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Comte de Paris, History of the Civil War in America. Vol. 4. (ed. Henry Coppee , LL.D.), Book I:—eastern Tennessee. (search)
They had not dared actively to co-operate with Lee, but they waited only for his first victory upoard, in the course of the month of August, when Lee had recrossed the Rapidan, he concentrated in tEastern section of the Union and the Western. Lee was then marching toward Pennsylvania. If the of Ohio or by reaching Pittsburg in advance of Lee's victorious army. This dream, fantastical in d been won in his absence. Mr. Davis asked General Lee again to dispense with Longstreet, so as towho could have trained them after the manner of Lee. Longstreet's corps, surrounded with all the prlace in line, and almost equal to the number Lee had under his orders at Gettysburg. However, an of the transportation of troops detached from Lee's army. Again, Meade, having received orders tnderstood that Meade by his caution had allowed Lee to dispense with a part of his army; that Grant Virginia, accustomed as he was to receive from Lee only general instructions, the execution of whi[7 more...]
Comte de Paris, History of the Civil War in America. Vol. 4. (ed. Henry Coppee , LL.D.), Book II:—the siege of Chattanooga. (search)
Johnston orders tile chief of his cavalry, General Lee, who occupies Northern Alabama, to cross the against the Federals, was in hopes of meeting Lee and Roddey on Duck River, and with their co-opepresses him, does not give him time to wait for Lee and Roddey, and he decides to return to the sous of the Tennessee on the south of Athens. General Lee, who had not yet been able to take the fieled his lines as far as Canton, Mississippi. General Lee, quartered at Tuscumbia, is too far away todirect against the latter only Chalmers' and S. D. Lee's mounted divisions, which are stationed, thy at Oxford. There is left to Johnston only S. D. Lee's cavalry division. The latter, as we have The arrival of Sherman on Bear Creek calls S. D. Lee to that locality a few days afterward. On t Tuscumbia. After a pretty sharp engagement S. D. Lee retires before the numerous infantry of the principal works and posted all his infantry, as Lee had done at Fredericksburg for the defence of M
Comte de Paris, History of the Civil War in America. Vol. 4. (ed. Henry Coppee , LL.D.), Book III:—the Third winter. (search)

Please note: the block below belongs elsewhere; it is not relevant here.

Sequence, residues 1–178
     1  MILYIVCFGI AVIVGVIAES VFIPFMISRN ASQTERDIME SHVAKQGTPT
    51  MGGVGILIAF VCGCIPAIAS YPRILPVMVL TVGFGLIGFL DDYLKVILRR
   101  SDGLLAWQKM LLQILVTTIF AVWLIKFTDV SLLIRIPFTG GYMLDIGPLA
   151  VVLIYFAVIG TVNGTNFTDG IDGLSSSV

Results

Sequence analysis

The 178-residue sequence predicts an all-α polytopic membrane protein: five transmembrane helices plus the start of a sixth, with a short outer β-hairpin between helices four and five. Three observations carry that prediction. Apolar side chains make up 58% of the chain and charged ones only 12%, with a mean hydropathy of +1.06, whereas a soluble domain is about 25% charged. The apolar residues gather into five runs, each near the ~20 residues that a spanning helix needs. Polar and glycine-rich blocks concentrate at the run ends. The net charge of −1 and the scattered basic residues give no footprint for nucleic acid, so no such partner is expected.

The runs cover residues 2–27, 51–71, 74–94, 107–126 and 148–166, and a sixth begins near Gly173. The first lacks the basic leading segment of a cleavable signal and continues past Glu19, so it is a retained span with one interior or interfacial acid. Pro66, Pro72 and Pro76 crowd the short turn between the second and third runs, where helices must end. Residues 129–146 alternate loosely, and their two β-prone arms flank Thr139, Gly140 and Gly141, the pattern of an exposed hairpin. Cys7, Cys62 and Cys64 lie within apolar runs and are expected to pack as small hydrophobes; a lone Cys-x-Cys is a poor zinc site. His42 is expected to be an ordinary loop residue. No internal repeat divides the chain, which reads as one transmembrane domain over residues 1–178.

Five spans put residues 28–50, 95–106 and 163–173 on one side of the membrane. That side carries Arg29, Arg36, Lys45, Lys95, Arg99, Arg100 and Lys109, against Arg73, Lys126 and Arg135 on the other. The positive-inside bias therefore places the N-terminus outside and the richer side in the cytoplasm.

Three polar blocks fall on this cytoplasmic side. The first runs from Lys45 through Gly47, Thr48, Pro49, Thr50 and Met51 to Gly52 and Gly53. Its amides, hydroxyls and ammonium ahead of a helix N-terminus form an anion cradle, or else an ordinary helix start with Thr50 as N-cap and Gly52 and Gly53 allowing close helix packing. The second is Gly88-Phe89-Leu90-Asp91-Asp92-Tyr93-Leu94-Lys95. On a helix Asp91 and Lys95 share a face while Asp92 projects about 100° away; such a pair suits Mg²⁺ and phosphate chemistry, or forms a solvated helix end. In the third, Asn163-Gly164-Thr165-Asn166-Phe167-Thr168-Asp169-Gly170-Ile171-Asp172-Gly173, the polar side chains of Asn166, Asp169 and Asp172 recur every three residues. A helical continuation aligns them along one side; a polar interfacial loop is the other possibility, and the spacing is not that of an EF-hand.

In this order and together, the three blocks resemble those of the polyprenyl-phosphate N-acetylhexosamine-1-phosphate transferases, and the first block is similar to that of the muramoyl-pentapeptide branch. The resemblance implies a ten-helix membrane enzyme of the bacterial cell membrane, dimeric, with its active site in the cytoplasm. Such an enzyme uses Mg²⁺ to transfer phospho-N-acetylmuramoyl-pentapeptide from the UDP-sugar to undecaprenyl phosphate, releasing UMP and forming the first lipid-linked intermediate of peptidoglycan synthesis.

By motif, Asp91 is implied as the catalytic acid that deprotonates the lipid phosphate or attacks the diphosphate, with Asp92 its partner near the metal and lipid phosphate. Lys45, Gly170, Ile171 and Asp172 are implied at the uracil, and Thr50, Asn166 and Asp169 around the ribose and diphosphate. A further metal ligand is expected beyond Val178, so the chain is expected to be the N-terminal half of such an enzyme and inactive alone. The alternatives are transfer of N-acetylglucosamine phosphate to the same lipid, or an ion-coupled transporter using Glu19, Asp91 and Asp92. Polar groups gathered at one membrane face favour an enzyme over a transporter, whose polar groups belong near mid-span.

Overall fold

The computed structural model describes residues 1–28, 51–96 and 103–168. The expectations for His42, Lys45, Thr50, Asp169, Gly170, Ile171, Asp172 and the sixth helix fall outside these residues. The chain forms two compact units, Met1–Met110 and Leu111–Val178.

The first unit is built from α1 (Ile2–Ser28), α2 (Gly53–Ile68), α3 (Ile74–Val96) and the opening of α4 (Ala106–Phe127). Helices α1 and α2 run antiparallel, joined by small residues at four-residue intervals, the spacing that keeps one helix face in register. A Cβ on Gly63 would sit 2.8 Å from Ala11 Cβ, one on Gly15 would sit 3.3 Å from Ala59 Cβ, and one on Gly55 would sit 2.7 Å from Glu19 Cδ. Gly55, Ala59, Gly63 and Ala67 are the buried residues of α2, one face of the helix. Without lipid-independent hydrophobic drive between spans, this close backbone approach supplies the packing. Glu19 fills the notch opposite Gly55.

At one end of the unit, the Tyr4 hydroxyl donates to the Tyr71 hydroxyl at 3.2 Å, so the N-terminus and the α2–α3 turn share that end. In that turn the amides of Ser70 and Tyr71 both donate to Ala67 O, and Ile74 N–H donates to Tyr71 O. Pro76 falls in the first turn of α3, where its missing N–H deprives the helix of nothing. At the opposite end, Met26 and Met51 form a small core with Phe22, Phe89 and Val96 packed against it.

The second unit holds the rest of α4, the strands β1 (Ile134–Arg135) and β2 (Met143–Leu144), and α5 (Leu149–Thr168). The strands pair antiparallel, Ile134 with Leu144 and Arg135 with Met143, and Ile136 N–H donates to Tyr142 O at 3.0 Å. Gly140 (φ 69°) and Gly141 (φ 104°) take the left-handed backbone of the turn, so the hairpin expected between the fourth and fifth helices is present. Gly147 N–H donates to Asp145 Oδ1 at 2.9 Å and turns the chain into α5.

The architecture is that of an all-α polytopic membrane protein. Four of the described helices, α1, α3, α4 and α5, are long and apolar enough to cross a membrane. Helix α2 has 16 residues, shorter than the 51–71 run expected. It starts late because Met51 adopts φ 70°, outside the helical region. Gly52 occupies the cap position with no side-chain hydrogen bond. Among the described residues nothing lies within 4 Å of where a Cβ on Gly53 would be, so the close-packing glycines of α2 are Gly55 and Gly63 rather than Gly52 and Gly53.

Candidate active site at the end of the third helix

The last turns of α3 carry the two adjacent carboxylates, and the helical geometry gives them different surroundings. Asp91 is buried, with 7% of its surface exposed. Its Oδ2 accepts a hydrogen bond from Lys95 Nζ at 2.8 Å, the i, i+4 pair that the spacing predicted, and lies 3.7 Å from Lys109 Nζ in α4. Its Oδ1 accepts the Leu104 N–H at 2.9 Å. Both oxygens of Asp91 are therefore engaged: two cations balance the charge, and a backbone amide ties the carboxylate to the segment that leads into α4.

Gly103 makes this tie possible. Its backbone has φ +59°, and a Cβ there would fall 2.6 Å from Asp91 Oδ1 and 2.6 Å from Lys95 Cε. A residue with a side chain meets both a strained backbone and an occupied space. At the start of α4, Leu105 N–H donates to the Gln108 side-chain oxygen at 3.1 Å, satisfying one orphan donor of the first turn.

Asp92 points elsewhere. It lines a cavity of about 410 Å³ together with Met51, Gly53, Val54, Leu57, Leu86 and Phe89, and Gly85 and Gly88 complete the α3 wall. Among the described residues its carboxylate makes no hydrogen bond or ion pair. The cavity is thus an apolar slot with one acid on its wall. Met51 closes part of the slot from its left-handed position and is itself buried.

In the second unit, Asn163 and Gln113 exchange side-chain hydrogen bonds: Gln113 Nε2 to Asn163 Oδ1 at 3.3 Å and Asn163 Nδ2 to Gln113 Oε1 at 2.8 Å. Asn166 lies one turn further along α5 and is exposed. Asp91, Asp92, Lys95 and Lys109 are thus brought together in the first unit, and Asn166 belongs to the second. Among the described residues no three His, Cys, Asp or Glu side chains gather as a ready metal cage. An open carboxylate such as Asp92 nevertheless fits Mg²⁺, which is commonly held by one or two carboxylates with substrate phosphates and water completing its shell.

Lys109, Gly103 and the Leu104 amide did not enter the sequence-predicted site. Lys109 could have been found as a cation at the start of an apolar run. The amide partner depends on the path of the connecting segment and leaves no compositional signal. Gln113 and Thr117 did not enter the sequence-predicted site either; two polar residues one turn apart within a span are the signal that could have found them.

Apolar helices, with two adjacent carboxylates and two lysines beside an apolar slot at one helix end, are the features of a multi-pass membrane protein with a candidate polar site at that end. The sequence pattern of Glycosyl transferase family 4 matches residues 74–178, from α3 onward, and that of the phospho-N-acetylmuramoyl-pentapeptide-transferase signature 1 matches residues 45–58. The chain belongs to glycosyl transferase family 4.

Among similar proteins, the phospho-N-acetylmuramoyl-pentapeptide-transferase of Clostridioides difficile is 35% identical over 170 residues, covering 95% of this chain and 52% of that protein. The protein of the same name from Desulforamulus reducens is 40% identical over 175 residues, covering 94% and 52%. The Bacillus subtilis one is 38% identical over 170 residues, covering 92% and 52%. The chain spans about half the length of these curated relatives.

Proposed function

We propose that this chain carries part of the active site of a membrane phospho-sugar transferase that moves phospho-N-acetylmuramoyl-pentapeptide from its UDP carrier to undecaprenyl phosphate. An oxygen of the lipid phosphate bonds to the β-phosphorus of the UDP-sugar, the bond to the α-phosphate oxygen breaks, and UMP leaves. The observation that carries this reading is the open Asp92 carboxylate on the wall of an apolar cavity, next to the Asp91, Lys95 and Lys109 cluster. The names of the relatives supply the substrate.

l be Able at the decisive time to bring back to Lee the soldiers who were taken away after the eveninks, next spring, to penetrate the rear of General Lee's army. But Burnside, who from day to dayion is promptly arranged with the latter and S. D. Lee. Three brigades of Confederate cavalry guardowed only by two guns and four wagons. But General Lee accompanies him to help pierce the hostile this point. This force vainly tries to resist Lee's artillery: it is obliged to fall back in greavision, took up a position with the rest of General Lee's cavalry. At the eastern extremity of Tte Johnston's army in Mississippi and reinforce Lee's to attempt to save Vicksburg and invade Pennsster a young officer on Beauregard's staff, Captain Lee, had understood that to obtain an efficacio, and it was only after great vexation that Captain Lee could bring about the adoption of his engine a similar attempt with a rowboat armed by Captain Lee with a spar-torpedo. His expedition had me[6 more...]
Comte de Paris, History of the Civil War in America. Vol. 4. (ed. Henry Coppee , LL.D.), Book IV:—the war in the South-West. (search)
tered the town almost without striking a blow. Lee was moving northward upon Canton, where he hopeuth Force's brigade to disable Chunky Station. Lee, in spite of the activity of his officers and ssuffered from it in the course of this year. Lee's cavalry alone had remained on the right bank far from Meridian, and he might apprehend that Lee would come with his division to join Forrest, a this direction, as we have said already, by S. D. Lee. The object of the expedition was now attaidespatch directing him to start on the 7th. General Lee's division of cavalry, which had proceeded use of these few days: on the morning of the 2d Lee set forward with his three brigades to reconnoiogress. The first charge overthrew the head of Lee's column, who, notwithstanding his numerical st was only at a short distance, was held back by Lee, the latter having understood at the first glan Flung upon the road, it finds it encumbered by Lee's trains; the three batteries which still cover[31 more...]